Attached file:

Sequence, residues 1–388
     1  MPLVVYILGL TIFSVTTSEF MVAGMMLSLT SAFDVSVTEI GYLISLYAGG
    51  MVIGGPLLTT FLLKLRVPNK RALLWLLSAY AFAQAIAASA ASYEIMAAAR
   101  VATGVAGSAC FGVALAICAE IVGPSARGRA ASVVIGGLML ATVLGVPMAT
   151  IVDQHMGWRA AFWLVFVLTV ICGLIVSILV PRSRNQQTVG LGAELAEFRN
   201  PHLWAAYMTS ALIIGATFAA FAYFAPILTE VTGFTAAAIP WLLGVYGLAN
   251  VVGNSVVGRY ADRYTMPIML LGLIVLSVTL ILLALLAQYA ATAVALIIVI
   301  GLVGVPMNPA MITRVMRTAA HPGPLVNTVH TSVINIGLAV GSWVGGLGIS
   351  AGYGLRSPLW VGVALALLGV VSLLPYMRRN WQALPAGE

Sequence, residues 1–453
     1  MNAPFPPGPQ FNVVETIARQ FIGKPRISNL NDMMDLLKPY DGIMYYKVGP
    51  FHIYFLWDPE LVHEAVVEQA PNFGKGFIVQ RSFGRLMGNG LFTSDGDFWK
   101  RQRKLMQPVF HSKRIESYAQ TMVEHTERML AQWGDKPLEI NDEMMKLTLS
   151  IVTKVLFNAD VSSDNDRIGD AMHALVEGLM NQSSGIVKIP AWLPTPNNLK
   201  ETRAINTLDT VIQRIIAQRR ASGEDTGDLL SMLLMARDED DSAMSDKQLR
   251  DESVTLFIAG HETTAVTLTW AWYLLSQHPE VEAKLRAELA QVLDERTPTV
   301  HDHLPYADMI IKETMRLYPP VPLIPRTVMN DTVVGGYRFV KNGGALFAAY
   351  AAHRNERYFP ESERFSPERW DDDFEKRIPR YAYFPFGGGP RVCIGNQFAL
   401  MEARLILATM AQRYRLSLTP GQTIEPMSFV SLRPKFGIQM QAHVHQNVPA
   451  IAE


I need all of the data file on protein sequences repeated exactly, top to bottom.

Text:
Sequence, residues 1–388
     1  MPLVVYILGL TIFSVTTSEF MVAGMMLSLT SAFDVSVTEI GYLISLYAGG
    51  MVIGGPLLTT FLLKLRVPNK RALLWLLSAY AFAQAIAASA ASYEIMAAAR
   101  VATGVAGSAC FGVALAICAE IVGPSARGRA ASVVIGGLML ATVLGVPMAT
   151  IVDQHMGWRA AFWLVFVLTV ICGLIVSILV PRSRNQQTVG LGAELAEFRN
   201  PHLWAAYMTS ALIIGATFAA FAYFAPILTE VTGFTAAAIP WLLGVYGLAN
   251  VVGNSVVGRY ADRYTMPIML LGLIVLSVTL ILLALLAQYA ATAVALIIVI
   301  GLVGVPMNPA MITRVMRTAA HPGPLVNTVH TSVINIGLAV GSWVGGLGIS
   351  AGYGLRSPLW VGVALALLGV VSLLPYMRRN WQALPAGE

Sequence, residues 1–453
     1  MNAPFPPGPQ FNVVETIARQ FIGKPRISNL NDMMDLLKPY DGIMYYKVGP
    51  FHIYFLWDPE LVHEAVVEQA PNFGKGFIVQ RSFGRLMGNG LFTSDGDFWK
   101  RQRKLMQPVF HSKRIESYAQ TMVEHTERML AQWGDKPLEI NDEMMKLTLS
   151  IVTKVLFNAD VSSDNDRIGD AMHALVEGLM NQSSGIVKIP AWLPTPNNLK
   201  ETRAINTLDT VIQRIIAQRR ASGEDTGDLL SMLLMARDED DSAMSDKQLR
   251  DESVTLFIAG HETTAVTLTW AWYLLSQHPE VEAKLRAELA QVLDERTPTV
   301  HDHLPYADMI IKETMRLYPP VPLIPRTVMN DTVVGGYRFV KNGGALFAAY
   351  AAHRNERYFP ESERFSPERW DDDFEKRIPR YAYFPFGGGP RVCIGNQFAL
   401  MEARLILATM AQRYRLSLTP GQTIEPMSFV SLRPKFGIQM QAHVHQNVPA
   451  IAE